At first, it seems an odd pairing, graphic design and football. But when you look at the sport, at nearly every level, there are logos, slogans, apparel, signs, and a seemingly endless opportunity for images that project power, strength, speed, commitment, and team spirit.
For years, Rob Avriett had quietly blended his graphic design interests and football coaching, occasionally creating logos and t-shirts for friends and former players who were aware of his creative talents. Avriett brought his collective capabilities off the sidelines in 2018, when the head coach at Grimsley High School in Greensboro, where he was on the coaching staff at the time, suggested giving something special to the players at the end-of-the-year banquet . The players loved the t-shirts, and Avriett immediately knew he was on to something.
“It’s grown organically,” Avriett said. “Someone will say, ‘Hey, we need a piece of apparel designed for this purpose, for this event,’ or ‘The team’s going here to play seven-on-seven, can you design us in shirts?’ Each time I did that, surely there would be a handful of requests that came back.”
Even families with kids in other sports were approaching him to ask if he could design apparel for travel teams, tournaments, and even for the parents to wear in support. Avriett was now coaching for Eastern Alamance High School, and requests for his design services were generally come through word-of-mouth.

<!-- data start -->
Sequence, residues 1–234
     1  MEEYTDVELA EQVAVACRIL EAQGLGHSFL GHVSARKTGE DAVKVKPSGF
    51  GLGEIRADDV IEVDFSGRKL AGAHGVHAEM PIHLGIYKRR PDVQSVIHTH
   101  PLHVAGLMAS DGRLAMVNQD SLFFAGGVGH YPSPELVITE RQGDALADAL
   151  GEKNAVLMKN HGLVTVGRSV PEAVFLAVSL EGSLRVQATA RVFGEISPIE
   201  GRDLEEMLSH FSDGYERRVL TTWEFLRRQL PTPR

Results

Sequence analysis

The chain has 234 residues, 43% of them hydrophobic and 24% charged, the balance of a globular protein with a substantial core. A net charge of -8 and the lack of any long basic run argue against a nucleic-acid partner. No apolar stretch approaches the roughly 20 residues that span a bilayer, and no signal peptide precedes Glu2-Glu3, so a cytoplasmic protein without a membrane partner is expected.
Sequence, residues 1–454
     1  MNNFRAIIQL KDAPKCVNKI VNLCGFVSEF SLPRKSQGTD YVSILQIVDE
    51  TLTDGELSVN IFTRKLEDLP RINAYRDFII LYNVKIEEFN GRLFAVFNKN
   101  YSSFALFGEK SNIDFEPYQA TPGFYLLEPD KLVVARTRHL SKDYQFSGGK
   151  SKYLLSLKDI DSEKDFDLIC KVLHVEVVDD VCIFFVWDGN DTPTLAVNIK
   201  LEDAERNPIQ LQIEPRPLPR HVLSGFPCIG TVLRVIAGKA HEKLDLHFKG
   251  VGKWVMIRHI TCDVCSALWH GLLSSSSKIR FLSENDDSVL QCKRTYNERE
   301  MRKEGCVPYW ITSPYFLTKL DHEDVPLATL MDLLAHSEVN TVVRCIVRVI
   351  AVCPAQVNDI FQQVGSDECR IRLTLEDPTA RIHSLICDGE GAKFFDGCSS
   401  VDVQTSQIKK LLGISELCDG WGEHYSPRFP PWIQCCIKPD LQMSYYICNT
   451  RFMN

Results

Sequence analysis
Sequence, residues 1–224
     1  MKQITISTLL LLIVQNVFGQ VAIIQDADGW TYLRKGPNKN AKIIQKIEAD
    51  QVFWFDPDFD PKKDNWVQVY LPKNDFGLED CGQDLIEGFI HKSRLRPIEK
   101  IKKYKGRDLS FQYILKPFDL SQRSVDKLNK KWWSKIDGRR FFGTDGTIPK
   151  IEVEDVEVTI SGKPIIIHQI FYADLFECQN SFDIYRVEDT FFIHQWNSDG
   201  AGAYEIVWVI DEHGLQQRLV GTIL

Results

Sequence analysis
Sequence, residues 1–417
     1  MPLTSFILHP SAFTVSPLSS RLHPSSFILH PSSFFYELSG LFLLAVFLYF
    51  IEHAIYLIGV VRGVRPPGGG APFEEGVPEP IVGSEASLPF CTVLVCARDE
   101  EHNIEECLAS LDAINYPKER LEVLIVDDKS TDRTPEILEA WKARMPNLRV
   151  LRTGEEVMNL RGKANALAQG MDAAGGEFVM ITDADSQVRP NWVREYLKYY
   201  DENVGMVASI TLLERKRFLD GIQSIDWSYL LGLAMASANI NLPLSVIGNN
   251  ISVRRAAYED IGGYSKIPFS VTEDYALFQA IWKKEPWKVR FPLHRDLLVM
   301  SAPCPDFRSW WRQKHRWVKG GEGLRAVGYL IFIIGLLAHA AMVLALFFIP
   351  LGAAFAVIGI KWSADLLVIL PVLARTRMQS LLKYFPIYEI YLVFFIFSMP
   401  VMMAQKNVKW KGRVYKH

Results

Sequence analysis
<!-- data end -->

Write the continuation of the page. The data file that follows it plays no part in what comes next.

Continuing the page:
In December 2019, he sent an email blast to his growing list of contacts that he and his wife, Kristy Cannell, would be stepping up their side business.
In January 2020, the couple officially launched Wild Rhino Creative, which catered more to the graphic design side of the business, and touted “a desire to match the intensity of athletic competition to creative demand.” In June, Avriett and Cannell, who teaches chemistry at Eastern Alamance, launched the apparel side of their business with the S’Go Eagles website. Avriett handles the graphic design and layout end, while Cannell balances the team by handling the marketing and production side. In the short time their company has been more widely-known, the response has been overwhelmingly positive.
“It’s grown tremendously,” Avriett said. “It’s grown from a point of doing it one or two nights a week, and honestly, only a couple hours at a time, to now where I’m looking at doing it full time. I’m volunteer coaching, but the rest of the time is committed to either doing a freelance design, or doing the apparel. And it’s awesome.
“Just about every customer wants to say something about their team, their business, themselves, or their cause, without actually saying anything. They ask ‘How can I be unique?’ A big part of this is translating that rapidly rich digital persona to make a statement about something,” Avriett added.
For many of their apparel projects, Avriett and Cannell use a white toner transfer, which is a hybrid process between the traditional cut vinyl and full, direct-to-garment method for jobs that show a lot of